If you’re lucky enough to be able to place a four-tile set, you will collect one of the toadstool markers you placed alongside the edge of the game board during setup and add it to your store. Although, it is far more likely that most of the four-tile sets you’re likely to encounter will be as a result of taking the second option: claiming a toadstool.

If, looking over the Glade board, you notice that one of the tiles on your rack could complete a set, you may opt to show that tile to the other players and collect the matching toadstool from the Glade board. Then, you will place that tile onto that player’s Forest board to complete the set, if able. If you can no longer legally place that tile onto that player’s board, then it is placed onto your Forest board instead.

It is also likely that you’ll find yourself in possession of a tile that you need to complete your own set. If this is the case, you can choose to place the tile by itself or as part of another set and collect your own toadstool and add it to your own store.

Claiming toadstools is how you ultimately score points and placing tiles clears up space on your rack for new tiles. Both things are important and half the challenge of playing The Glade is figuring out how to balance the two. There’s one final weapon at your disposal that melds those two things together, generating lots of points while also helping clear your rack more effectively: enclosures.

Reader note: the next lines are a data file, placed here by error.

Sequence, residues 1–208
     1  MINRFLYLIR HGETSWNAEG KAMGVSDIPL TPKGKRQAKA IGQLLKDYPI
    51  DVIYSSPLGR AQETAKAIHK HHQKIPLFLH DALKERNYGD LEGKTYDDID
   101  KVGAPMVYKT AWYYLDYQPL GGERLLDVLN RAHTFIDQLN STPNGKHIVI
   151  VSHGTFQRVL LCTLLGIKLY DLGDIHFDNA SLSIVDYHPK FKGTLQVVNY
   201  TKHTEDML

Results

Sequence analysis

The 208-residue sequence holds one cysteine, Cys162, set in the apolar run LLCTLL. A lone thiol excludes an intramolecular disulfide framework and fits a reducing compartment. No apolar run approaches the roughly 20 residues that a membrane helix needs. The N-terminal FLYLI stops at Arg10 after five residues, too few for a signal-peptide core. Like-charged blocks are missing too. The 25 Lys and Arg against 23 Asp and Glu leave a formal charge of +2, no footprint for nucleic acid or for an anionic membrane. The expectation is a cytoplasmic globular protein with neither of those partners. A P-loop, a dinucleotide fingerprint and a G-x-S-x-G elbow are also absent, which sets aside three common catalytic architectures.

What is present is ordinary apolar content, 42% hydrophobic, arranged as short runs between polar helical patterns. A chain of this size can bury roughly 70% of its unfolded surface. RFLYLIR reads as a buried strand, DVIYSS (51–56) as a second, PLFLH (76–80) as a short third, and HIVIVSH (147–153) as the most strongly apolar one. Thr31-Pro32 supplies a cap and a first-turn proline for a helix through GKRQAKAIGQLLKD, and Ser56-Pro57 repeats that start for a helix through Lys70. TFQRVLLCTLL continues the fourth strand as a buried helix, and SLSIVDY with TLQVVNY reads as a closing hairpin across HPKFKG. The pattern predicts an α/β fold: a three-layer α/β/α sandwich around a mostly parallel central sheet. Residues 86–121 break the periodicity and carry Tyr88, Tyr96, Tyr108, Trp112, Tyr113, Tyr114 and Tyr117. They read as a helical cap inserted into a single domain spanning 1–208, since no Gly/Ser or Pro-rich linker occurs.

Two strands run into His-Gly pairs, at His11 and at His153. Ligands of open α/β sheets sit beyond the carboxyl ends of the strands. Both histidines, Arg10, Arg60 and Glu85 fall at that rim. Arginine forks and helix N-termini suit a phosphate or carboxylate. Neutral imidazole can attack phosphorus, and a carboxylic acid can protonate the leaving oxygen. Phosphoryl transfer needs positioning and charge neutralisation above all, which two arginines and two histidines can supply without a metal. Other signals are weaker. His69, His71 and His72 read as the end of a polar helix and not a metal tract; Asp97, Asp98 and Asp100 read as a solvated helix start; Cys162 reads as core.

Enclosures and Scoring

An enclosure is a single Forest board space that is surrounded on all four sides by other tiles. At any time, you may place a toadstool from your store into an enclosure in order to take another turn using any of the tiles that are left on your rack. If there are still enclosures left after that, you can keep on going. Your rack is only refilled to eight tiles once you’ve declared that your turn is over.